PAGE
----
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OT: Coronavirus Resources - and other things to not worry about

UWHabs

Well-known member
I don't blame people who like to work in an office - working from home is not for everyone, and for sure, if you have kids/pets/spouses at home that can complicate things. But for sure the world is seeing that some people really do like it, and that it really does make sense for a lot more people than it does now. I do wonder how many offices will be able to handle perhaps not 100% home or 100% office, but figure out how to strike a balance. Figure out how to set up an office so that people only go in 1-2 days a week, for example.

Or on the flipside, whether nomad-ism or pure remote work will see an uptick as well. Not that anyone wants to travel these days, but if you suddenly don't have to go into an office, why live in Toronto when you can live in a cheaper city?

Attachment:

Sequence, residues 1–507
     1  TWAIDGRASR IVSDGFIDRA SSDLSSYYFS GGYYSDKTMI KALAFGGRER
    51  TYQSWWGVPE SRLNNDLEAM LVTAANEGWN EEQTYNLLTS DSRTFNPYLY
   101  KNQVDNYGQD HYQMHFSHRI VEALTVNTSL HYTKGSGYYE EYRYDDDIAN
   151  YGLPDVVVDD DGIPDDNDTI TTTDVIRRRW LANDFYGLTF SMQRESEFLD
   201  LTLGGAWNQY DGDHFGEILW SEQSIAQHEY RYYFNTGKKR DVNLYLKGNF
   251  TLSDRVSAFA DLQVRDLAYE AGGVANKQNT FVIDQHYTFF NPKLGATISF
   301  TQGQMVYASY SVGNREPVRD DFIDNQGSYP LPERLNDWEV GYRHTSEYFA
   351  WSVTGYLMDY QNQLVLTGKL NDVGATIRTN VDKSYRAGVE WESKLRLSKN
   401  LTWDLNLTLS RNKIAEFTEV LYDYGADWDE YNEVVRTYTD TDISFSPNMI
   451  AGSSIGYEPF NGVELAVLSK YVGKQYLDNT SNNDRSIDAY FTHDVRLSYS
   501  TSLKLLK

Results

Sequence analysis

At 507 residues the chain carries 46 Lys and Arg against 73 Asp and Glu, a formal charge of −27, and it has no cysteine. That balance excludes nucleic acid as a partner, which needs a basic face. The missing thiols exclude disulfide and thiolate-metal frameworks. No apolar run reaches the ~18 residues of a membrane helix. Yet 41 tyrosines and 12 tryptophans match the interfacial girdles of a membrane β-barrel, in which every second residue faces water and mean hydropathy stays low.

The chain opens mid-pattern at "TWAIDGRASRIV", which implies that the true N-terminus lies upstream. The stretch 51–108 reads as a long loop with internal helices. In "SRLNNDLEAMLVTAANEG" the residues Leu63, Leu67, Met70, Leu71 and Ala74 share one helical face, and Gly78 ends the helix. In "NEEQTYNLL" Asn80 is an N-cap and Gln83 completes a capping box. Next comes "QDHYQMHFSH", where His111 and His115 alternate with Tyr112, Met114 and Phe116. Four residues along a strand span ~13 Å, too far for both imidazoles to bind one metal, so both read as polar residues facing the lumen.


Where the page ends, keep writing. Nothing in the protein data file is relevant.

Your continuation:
worm

Well-known member
I think issue will arise when some ppl are working at home and some in the office

Not that those things cannot be overcome but it will take effort
 

trujaysfan

Well-known member
I don't blame people who like to work in an office - working from home is not for everyone, and for sure, if you have kids/pets/spouses at home that can complicate things. But for sure the world is seeing that some people really do like it, and that it really does make sense for a lot more people than it does now. I do wonder how many offices will be able to handle perhaps not 100% home or 100% office, but figure out how to strike a balance. Figure out how to set up an office so that people only go in 1-2 days a week, for example.

Or on the flipside, whether nomad-ism or pure remote work will see an uptick as well. Not that anyone wants to travel these days, but if you suddenly don't have to go into an office, why live in Toronto when you can live in a cheaper city?
I have several friends who are looking to move out of downtown. Some were thinking about it before but this was the big push. I live in burlington and work downtown/missisauga and would likely have gone further out if this had been forseen.
 

zeke

Well-known member